At your Arraignment, a pre-trial hearing will be scheduled as the next phase of your case. There can be more than one pre-trial hearing, and many different things can happen at a pre-trial hearing, depending upon your case and your lawyer’s strategy.
Often at the first pre-trial hearing motions for “discovery” will be filed by your lawyer.
“Discovery” is the term for formal requests for information and evidence. Discovery motions could ask the Judge to order the prosecutor to turn over additional police reports, video recordings, police training materials, witness statements, or other evidence in the prosecutor’s possession.
If your case is in District Court, at one of the Pre-trial Hearing dates your lawyer and the prosecutor will have a Pre-trial Conference. This is a meeting between the prosecutor and your lawyer at which they try to agree, as far as they can, upon the details of the trial, should there be one. They discuss things like the number and identity of witnesses for each side, any special legal issues that have to be decided by the judge, and whether any substantive motions are going to be filed, such as motions to dismiss or suppress.
In Superior Court, the pre-trial conference is often scheduled by the court and can be more formal. In District Court, the pre-trial conference usually happens during another scheduled court date.
If your lawyer files a Motion to Dismiss the case, or a Motion to Suppress Evidence, or another motion that requires a substantive hearing before a Judge, then the motion will be scheduled for a pre-trial hearing date. Sometimes you will hear this referred to as a “Motion Date.”
Compliance and Election
If the judge orders the prosecutor to turn evidence over to the defense, usually after hearing a Motion for Discovery, he will establish a Compliance date by which the evidence must be supplied. Often the “discovery” is supplied on the compliance date itself.
The compliance date can be an in-court date, when the parties have to appear before the judge an confirm that the information was turned over, or out-of- court, where the defense has the burden of bringing the case back in front of the judge if the information is not received.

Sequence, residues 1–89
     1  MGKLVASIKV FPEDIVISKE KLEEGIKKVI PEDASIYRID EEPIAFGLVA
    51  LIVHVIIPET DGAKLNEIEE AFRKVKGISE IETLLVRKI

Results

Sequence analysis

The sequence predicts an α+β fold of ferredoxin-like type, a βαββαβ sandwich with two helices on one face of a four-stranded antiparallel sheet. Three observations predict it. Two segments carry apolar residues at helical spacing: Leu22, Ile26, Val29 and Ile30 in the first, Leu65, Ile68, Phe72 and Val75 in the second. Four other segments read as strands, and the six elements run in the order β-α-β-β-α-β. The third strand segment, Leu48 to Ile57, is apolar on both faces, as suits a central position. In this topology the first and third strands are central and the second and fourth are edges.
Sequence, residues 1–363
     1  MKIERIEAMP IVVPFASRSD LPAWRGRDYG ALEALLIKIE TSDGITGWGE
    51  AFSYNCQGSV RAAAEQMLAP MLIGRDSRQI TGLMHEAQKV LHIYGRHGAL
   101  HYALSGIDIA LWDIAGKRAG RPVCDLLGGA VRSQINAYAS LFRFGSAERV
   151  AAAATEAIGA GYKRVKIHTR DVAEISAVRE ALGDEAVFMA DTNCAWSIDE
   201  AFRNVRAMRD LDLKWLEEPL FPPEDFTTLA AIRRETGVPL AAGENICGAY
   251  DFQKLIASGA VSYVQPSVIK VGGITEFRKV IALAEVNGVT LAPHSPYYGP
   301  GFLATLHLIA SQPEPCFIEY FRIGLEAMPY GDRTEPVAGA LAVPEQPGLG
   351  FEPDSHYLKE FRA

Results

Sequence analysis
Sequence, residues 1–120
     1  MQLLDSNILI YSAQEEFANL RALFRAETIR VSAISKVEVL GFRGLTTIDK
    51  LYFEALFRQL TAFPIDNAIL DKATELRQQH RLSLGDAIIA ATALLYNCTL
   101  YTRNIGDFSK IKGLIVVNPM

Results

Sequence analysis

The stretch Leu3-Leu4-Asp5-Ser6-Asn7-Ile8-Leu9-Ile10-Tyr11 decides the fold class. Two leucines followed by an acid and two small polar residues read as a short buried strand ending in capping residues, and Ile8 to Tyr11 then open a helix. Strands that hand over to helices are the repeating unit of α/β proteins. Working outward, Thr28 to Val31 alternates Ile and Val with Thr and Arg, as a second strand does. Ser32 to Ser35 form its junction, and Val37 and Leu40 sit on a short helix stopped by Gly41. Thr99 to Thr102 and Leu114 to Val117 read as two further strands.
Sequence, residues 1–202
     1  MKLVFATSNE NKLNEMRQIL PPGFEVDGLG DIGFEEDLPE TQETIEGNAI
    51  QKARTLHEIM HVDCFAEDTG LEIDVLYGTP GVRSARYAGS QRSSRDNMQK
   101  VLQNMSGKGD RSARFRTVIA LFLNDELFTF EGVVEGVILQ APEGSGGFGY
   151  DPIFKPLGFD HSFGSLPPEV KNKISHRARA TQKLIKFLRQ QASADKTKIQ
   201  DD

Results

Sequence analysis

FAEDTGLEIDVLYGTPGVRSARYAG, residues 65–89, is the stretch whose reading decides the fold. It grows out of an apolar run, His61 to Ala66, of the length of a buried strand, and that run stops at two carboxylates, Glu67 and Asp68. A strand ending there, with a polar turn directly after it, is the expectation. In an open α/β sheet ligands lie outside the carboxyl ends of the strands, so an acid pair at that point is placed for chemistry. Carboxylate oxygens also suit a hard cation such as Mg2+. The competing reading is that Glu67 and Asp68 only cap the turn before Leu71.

If your case continues long enough without being resolved, the court will schedule an Election date. This is the court date on which you select a trial date. Even if you have no intention of going to trial, you may choose to have an election date scheduled.
In the District Court, the Compliance and Elections Dates are often combined, and the case is scheduled for Compliance and Election, or “C& E”, on the same day.
Resolutions before a Trial
At any point during this process, your case may get resolved. A judge may grant your attorney’s Motion to Dismiss, or the prosecution may dismiss the case themselves if they feel they will not be able to prove the charges against you.
You may resolve the case with a change of plea. This means that you decide, with the advice of your lawyer, that it is a better idea to accept some responsibility, and some form of punishment, rather than risk going to a trial and losing. This is how the majority of cases are resolved.
A common disposition for cases when a person doesn’t have any prior record, or a very minor one, is a Continuance Without a Finding, or “CWOF”. In a CWOF, you accept responsibility and some probation term, but you aren’t found guilty. At the end of the probation term, the charge is dismissed.
There are other ways a case might be resolved without going to trial. You might plead guilty in exchange for a lighter sentence, or for probation. You might be allowed to pay a fine in exchange for the case being dismissed. The particular facts of your case will determine what, if any options for early resolution are available to you.
Most importantly, you should only make a decision about how to resolve your case after consulting closely with your criminal defense lawyer.